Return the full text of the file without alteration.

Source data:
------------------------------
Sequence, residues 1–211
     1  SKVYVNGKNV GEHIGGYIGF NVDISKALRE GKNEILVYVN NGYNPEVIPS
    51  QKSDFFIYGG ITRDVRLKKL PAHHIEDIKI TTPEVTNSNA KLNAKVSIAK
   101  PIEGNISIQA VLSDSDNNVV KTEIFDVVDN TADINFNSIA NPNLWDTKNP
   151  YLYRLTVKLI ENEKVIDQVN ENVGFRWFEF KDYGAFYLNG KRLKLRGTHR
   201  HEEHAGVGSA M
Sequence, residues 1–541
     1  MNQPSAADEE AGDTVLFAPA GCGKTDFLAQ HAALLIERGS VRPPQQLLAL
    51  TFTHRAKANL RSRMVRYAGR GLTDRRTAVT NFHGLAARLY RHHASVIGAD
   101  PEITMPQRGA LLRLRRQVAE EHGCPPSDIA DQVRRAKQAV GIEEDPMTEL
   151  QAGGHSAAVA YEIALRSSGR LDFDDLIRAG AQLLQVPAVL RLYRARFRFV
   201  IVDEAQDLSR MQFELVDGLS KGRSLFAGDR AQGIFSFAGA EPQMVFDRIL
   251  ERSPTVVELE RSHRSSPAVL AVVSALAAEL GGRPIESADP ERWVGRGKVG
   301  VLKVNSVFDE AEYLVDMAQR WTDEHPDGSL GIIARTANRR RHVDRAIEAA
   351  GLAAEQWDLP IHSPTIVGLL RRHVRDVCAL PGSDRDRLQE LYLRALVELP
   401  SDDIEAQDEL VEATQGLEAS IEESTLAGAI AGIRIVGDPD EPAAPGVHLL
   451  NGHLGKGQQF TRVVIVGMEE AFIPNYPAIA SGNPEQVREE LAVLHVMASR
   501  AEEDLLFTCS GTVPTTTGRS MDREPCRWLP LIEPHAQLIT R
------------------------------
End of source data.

Sequence, residues 1–211
     1  SKVYVNGKNV GEHIGGYIGF NVDISKALRE GKNEILVYVN NGYNPEVIPS
    51  QKSDFFIYGG ITRDVRLKKL PAHHIEDIKI TTPEVTNSNA KLNAKVSIAK
   101  PIEGNISIQA VLSDSDNNVV KTEIFDVVDN TADINFNSIA NPNLWDTKNP
   151  YLYRLTVKLI ENEKVIDQVN ENVGFRWFEF KDYGAFYLNG KRLKLRGTHR
   201  HEEHAGVGSA M
Sequence, residues 1–541
     1  MNQPSAADEE AGDTVLFAPA GCGKTDFLAQ HAALLIERGS VRPPQQLLAL
    51  TFTHRAKANL RSRMVRYAGR GLTDRRTAVT NFHGLAARLY RHHASVIGAD
   101  PEITMPQRGA LLRLRRQVAE EHGCPPSDIA DQVRRAKQAV GIEEDPMTEL
   151  QAGGHSAAVA YEIALRSSGR LDFDDLIRAG AQLLQVPAVL RLYRARFRFV
   201  IVDEAQDLSR MQFELVDGLS KGRSLFAGDR AQGIFSFAGA EPQMVFDRIL
   251  ERSPTVVELE RSHRSSPAVL AVVSALAAEL GGRPIESADP ERWVGRGKVG
   301  VLKVNSVFDE AEYLVDMAQR WTDEHPDGSL GIIARTANRR RHVDRAIEAA
   351  GLAAEQWDLP IHSPTIVGLL RRHVRDVCAL PGSDRDRLQE LYLRALVELP
   401  SDDIEAQDEL VEATQGLEAS IEESTLAGAI AGIRIVGDPD EPAAPGVHLL
   451  NGHLGKGQQF TRVVIVGMEE AFIPNYPAIA SGNPEQVREE LAVLHVMASR
   501  AEEDLLFTCS GTVPTTTGRS MDREPCRWLP LIEPHAQLIT R